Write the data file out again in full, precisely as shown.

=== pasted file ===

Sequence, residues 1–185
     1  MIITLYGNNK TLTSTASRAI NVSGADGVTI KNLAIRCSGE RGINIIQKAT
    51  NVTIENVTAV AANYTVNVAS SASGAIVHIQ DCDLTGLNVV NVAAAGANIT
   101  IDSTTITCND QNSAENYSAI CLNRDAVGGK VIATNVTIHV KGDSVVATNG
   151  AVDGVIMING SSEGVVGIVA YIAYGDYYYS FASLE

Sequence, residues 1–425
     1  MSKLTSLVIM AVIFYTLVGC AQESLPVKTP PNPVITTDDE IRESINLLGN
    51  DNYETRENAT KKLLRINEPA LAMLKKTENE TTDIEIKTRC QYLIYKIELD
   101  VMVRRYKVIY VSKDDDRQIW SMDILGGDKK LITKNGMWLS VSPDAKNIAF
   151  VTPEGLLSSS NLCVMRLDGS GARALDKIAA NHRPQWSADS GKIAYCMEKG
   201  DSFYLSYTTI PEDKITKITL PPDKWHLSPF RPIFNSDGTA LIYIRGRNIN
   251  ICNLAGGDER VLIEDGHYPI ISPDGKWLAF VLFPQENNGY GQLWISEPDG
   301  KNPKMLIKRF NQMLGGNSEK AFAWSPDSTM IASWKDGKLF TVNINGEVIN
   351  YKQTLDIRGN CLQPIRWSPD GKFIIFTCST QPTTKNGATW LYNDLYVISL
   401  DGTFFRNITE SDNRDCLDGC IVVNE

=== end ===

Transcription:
Sequence, residues 1–185
     1  MIITLYGNNK TLTSTASRAI NVSGADGVTI KNLAIRCSGE RGINIIQKAT
    51  NVTIENVTAV AANYTVNVAS SASGAIVHIQ DCDLTGLNVV NVAAAGANIT
   101  IDSTTITCND QNSAENYSAI CLNRDAVGGK VIATNVTIHV KGDSVVATNG
   151  AVDGVIMING SSEGVVGIVA YIAYGDYYYS FASLE

Sequence, residues 1–425
     1  MSKLTSLVIM AVIFYTLVGC AQESLPVKTP PNPVITTDDE IRESINLLGN
    51  DNYETRENAT KKLLRINEPA LAMLKKTENE TTDIEIKTRC QYLIYKIELD
   101  VMVRRYKVIY VSKDDDRQIW SMDILGGDKK LITKNGMWLS VSPDAKNIAF
   151  VTPEGLLSSS NLCVMRLDGS GARALDKIAA NHRPQWSADS GKIAYCMEKG
   201  DSFYLSYTTI PEDKITKITL PPDKWHLSPF RPIFNSDGTA LIYIRGRNIN
   251  ICNLAGGDER VLIEDGHYPI ISPDGKWLAF VLFPQENNGY GQLWISEPDG
   301  KNPKMLIKRF NQMLGGNSEK AFAWSPDSTM IASWKDGKLF TVNINGEVIN
   351  YKQTLDIRGN CLQPIRWSPD GKFIIFTCST QPTTKNGATW LYNDLYVISL
   401  DGTFFRNITE SDNRDCLDGC IVVNE